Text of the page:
Remember Imran Awan, the DNC-employed technology aide who worked closely with Rep. Debbie Wasserman-Schultz (D-Fla.) until it was discovered he and family members also working on the Hill were stealing tech equipment by falsifying work orders while simultaneously funneling members’ emails improperly onto a an unauthorized server?
If you don’t, it’s not surprising. His story — which ultimately involved stashing a laptop that may have belonged to Wasserman-Schultz in an old telephone closet in a building on Capitol Hill — has all but disappeared from the news cycle following his arrest at a Washington-area airport while he was was trying to leave the country.
Thankfully, Judicial Watch has stayed on his trail — a trail developed by the fantastic reporting of Luke Rosiak at The Daily Caller News Foundation — and have been filing FOIA requests related to his activities. They hit a snag at the beginning of the year when DOJ submitted sealed information — because they said it related to a pending case — to the court in response to a FOIA request, and failed to provide any other information to Judicial Watch about why they couldn’t turn over documents dealing with Awan.
The judge in the case is dissatisfied and called a highly unusual “snap” hearing Wednesday demanding answers from DOJ.
U.S. District Court for the District of Columbia Judge Amit Mehta’s unusual order followed a sealed submission by DOJ attorneys Jan. 10 in the case prompted by the nonprofit government watchdog’s November 2018 Freedom of Information Act (FOIA) lawsuit.
Such hastily convened hearings are extremely unusual in a federal judicial system so jammed that months can pass before cases are litigated in courtrooms.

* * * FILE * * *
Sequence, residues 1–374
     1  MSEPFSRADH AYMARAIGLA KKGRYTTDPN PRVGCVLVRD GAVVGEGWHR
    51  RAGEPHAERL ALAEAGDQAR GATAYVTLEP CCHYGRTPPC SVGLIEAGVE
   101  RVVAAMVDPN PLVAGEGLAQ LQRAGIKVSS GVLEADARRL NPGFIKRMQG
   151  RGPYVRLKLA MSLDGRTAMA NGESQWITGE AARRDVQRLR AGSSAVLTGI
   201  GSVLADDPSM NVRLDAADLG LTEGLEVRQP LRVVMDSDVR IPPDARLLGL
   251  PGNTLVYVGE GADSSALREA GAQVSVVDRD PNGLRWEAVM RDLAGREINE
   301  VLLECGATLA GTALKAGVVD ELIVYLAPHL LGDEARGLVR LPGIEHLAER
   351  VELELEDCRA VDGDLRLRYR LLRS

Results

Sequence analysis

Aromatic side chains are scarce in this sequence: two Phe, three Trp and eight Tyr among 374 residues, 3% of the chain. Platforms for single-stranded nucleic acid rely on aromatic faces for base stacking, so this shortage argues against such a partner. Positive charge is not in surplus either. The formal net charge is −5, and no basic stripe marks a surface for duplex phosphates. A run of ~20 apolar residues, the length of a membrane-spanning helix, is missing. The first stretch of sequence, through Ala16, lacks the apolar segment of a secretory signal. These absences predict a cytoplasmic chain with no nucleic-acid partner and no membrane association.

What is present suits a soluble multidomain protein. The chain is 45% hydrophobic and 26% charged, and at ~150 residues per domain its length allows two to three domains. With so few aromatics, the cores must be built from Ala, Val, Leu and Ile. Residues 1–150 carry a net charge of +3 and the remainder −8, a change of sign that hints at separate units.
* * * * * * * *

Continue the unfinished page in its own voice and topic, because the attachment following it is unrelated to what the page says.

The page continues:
“In a hearing last month, U.S. District Court Judge Amit P. Mehta expressed frustration and ordered the Justice Department to explain its failure to produce records by January 10 and to provide Judicial Watch some details about the delay,” Judicial Watch said in a statement Jan. 14 about the snap hearing.
“Instead, the Justice Department made its filing under seal and has yet to provide Judicial Watch with any details about its failure to produce records as promised to the court,” Judicial Watch said.
Awan and his family had been technology aides to more than 40 Democratic Congressional members, some of whom sat on foreign policy and national security committees. Their positions allowed them access to all digital communications of those members. After Awan, a Pakistani native, was arrested trying to leave the country, he was charged with bank fraud. He cut a deal and served three months supervised release with no prison time.
But Judicial Watch, like Judge Mehta, is dissatisfied.
Tom Fitton, president of Judicial Watch, said in a statement that “the DOJ’s handling of the Awan brothers case has long been an issue of concern and now we are expected to believe some secret investigation prevents the public from knowing the full truth about this scandal. We are skeptical.”